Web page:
Installation and Setup
Once you’ve met the system requirements and prerequisites, you can install and set up Weak Password Test. To install and set up Weak Password Test, follow the steps below:
- First, make sure you read the system requirements and prerequisites prior to installation. Then, sign up for a free Weak Password Test on our website.
- Upon signing up, we will email you a unique License Key, which you’ll need to enter prior to running the test.
- Download and run the installer file for the WPT.
- Review and accept the License Agreement. Then, click Install to complete the installation.
- Click Finish to launch the WPT.
- Enter your unique License Key and click OK.
- Next, you'll need to enter the details listed below:
- The domain name of your Active Directory.
- Name of your Domain Controller.
- The username and password for the account you created which has Replicating Directory Changes and Replicating Directory Changes All permissions enabled.
After entering the above information, click Start Test when you are ready to begin your test.
The test will analyze your Active Directory accounts for weak passwords. Depending on the size of your Active Directory and workstation performance, this process may take a minute or longer.
Your results will be displayed on-screen as soon as the test is complete.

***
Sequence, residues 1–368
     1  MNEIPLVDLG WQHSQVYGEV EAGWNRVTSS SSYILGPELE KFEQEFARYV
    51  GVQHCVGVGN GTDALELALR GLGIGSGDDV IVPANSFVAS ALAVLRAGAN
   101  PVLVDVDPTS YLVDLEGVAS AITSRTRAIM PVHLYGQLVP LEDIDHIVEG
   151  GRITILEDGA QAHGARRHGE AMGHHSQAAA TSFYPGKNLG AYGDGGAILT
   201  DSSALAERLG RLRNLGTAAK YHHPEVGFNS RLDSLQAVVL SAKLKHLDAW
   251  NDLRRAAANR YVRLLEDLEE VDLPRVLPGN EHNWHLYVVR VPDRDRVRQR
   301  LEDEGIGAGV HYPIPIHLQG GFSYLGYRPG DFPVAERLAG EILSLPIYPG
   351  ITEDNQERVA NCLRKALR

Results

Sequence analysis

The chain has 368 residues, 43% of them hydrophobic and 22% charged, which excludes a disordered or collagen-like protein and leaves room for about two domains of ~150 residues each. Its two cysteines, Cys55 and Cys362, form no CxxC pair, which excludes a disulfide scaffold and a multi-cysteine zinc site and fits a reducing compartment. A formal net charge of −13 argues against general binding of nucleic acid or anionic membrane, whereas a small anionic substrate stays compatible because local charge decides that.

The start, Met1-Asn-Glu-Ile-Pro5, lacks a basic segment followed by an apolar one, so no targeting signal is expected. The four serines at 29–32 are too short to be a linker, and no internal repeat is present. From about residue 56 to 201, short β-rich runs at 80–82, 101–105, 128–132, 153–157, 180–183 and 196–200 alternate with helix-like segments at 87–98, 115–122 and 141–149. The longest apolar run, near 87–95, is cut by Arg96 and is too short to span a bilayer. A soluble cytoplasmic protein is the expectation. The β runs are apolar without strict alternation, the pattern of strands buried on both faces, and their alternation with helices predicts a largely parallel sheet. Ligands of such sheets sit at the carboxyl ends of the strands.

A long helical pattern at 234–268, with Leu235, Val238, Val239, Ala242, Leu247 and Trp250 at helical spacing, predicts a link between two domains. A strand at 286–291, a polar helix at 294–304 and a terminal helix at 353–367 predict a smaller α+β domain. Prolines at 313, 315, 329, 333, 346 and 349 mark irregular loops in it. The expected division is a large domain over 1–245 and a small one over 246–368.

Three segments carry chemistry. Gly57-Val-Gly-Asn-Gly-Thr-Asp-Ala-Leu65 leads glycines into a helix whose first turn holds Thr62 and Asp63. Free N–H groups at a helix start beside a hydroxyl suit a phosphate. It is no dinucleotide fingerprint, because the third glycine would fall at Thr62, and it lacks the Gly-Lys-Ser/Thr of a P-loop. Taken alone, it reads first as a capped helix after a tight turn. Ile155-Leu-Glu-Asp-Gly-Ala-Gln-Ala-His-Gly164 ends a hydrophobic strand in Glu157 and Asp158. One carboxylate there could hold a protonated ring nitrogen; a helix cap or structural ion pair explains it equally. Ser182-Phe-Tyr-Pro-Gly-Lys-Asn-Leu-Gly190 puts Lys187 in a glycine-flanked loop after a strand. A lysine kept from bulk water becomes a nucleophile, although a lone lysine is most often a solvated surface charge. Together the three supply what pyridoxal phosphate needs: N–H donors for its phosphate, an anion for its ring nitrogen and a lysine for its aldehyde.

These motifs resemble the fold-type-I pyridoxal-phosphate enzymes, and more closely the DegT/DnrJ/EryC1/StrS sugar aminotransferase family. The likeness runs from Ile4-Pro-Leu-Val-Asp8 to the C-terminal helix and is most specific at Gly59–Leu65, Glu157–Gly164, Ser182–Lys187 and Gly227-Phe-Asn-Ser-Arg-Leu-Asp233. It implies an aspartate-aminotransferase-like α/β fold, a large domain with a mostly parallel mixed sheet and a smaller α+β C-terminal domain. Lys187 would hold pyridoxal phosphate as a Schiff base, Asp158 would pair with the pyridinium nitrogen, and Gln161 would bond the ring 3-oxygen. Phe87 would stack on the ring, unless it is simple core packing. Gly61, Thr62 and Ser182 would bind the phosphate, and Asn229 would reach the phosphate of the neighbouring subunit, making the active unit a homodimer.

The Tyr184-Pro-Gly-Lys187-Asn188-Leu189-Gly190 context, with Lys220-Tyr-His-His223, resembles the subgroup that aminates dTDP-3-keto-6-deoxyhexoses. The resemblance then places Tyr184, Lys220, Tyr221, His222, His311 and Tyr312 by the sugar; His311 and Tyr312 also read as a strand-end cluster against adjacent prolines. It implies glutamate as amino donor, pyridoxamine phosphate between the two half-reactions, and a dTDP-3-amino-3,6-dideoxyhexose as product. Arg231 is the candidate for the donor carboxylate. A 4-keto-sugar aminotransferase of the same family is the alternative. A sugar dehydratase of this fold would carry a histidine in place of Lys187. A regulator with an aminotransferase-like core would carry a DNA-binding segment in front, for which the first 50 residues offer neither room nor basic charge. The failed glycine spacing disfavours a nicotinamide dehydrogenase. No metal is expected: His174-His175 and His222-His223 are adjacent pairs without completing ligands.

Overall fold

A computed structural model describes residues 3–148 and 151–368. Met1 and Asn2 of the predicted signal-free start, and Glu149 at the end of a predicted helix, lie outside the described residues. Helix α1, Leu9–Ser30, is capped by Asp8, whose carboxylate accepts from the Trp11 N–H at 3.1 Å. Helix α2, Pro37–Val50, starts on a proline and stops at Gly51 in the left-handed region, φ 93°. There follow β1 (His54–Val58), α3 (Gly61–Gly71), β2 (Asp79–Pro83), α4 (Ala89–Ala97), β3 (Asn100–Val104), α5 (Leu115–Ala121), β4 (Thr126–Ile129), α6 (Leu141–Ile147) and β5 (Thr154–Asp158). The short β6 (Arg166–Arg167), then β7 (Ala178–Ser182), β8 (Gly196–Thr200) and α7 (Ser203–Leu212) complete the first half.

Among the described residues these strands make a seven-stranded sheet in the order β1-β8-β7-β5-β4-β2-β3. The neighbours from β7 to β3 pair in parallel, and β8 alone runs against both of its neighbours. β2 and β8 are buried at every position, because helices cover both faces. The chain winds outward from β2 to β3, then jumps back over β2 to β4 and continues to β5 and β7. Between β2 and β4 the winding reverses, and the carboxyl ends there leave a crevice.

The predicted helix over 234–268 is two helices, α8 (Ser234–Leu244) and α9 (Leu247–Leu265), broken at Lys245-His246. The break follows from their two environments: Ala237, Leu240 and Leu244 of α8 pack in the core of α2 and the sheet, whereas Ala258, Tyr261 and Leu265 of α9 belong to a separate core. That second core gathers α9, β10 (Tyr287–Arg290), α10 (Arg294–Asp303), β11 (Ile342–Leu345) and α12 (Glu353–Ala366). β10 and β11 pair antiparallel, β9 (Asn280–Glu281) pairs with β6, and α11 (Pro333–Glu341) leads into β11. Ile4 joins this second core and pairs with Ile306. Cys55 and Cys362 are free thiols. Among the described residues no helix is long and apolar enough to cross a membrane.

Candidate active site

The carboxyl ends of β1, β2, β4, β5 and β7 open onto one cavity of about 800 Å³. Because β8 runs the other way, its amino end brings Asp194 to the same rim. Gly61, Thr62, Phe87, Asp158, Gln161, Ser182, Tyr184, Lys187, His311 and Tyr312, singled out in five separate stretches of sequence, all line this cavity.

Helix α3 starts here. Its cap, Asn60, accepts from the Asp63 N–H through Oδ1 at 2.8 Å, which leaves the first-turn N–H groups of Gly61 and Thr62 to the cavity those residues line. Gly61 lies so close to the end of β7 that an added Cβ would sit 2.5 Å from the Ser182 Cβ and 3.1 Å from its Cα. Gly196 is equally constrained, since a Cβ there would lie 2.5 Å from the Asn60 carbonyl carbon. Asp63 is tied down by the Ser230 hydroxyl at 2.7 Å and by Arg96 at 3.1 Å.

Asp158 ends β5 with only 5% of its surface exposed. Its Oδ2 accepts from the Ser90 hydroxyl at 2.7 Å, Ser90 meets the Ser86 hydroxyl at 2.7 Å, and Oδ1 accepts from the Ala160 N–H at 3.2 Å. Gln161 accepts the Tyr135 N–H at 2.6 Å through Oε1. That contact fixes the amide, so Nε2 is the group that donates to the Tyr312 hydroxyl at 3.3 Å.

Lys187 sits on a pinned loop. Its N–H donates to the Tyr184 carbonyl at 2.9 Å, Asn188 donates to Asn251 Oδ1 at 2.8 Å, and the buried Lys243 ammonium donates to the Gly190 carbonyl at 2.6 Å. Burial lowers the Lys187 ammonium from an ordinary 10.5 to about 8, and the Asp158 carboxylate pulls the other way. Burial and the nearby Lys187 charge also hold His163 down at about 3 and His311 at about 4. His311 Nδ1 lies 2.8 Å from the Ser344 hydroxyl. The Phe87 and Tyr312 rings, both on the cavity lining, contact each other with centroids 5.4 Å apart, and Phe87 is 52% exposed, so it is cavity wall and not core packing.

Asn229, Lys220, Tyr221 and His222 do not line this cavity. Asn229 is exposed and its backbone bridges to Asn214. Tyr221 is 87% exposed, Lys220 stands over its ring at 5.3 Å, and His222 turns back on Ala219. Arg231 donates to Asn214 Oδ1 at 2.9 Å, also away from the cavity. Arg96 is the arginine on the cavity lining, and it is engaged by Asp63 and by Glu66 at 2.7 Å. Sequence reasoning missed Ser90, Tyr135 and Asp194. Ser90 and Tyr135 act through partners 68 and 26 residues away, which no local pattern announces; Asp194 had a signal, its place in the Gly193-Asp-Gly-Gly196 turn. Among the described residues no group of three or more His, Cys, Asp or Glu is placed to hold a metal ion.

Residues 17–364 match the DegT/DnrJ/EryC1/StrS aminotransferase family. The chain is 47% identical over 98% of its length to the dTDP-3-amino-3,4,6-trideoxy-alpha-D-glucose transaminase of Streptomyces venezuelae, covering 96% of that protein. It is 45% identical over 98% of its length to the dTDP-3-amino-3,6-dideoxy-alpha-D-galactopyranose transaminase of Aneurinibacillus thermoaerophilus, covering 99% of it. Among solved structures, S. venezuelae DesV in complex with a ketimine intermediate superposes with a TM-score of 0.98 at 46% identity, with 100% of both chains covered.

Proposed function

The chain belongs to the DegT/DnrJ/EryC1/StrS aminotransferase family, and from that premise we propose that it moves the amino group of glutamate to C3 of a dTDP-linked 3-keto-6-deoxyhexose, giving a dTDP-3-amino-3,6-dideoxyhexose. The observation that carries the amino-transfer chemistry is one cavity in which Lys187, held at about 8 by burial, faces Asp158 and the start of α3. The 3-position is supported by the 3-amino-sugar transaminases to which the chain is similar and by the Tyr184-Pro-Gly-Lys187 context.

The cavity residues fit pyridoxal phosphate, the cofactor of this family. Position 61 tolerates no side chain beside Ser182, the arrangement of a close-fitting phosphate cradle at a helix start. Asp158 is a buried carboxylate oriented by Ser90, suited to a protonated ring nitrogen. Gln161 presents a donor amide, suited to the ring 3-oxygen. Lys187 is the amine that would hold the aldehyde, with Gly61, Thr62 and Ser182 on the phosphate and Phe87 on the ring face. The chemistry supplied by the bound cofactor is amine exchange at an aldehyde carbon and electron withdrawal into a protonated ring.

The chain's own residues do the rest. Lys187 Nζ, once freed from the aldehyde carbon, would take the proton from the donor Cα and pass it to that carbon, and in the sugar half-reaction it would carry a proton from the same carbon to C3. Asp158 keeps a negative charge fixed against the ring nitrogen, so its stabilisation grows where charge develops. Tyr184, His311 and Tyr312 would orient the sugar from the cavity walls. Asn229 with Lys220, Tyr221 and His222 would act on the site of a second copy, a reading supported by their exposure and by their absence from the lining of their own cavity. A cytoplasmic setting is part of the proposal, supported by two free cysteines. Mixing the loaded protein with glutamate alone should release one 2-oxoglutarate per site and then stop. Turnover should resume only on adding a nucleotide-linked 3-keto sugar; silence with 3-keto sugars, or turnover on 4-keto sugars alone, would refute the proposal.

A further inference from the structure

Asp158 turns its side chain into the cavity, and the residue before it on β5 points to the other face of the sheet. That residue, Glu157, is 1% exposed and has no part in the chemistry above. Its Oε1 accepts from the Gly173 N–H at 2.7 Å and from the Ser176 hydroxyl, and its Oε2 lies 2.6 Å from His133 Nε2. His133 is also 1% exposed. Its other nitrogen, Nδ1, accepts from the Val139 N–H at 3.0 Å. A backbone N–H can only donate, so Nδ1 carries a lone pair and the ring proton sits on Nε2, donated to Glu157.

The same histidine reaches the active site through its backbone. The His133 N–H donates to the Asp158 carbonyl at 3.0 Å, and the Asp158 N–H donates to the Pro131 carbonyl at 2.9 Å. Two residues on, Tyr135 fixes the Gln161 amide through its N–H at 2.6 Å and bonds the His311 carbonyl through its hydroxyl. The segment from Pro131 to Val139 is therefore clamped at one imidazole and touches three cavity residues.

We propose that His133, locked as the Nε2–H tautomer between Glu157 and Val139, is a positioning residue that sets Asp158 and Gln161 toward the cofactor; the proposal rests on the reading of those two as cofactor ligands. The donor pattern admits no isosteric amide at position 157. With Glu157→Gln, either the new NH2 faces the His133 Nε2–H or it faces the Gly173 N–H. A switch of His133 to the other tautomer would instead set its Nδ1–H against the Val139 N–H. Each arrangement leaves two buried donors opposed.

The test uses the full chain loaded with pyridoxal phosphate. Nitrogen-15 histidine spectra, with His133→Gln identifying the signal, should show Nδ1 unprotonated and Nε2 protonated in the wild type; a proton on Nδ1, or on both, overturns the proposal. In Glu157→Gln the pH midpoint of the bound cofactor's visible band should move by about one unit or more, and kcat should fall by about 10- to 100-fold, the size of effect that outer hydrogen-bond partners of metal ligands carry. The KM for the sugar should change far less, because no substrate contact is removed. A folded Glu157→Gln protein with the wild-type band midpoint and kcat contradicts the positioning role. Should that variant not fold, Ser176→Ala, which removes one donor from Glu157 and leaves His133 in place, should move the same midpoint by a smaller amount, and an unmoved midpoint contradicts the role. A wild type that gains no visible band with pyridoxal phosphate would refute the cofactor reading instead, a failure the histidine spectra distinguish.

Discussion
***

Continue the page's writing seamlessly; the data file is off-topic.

Types of Failure and Vulnerabilities
The Weak Password Test analyzes your data to look for ten different failure types which can leave your organization vulnerable to an attack:
1. Weak Password
This failure indicates that the affected account's password matched one of those listed in our Weak Password dictionary. These passwords are either very common, easy to guess, or have been made available to attackers because of past data breaches.
2. Shared Password
This failure indicates that the affected account shares a password with at least one other account.
3. Empty Password
This failure includes accounts that do not have a set password.
4. Clear Text Password
This failure includes passwords that are stored in clear text in an Active Directory. This means the users' AD passwords are stored using reversible encryption.
5. Password Not Required
This failure includes accounts that have the capability of not having a password.
6. Password Never Expires
This failure indicates that the account has its password timeout set to zero. Because of this setting, even if the Password never expires check box in the user’s properties is unchecked, their password will never expire. The WPT will check password expiration settings in your organization’s domain policies, fine-grained password policies, and user properties.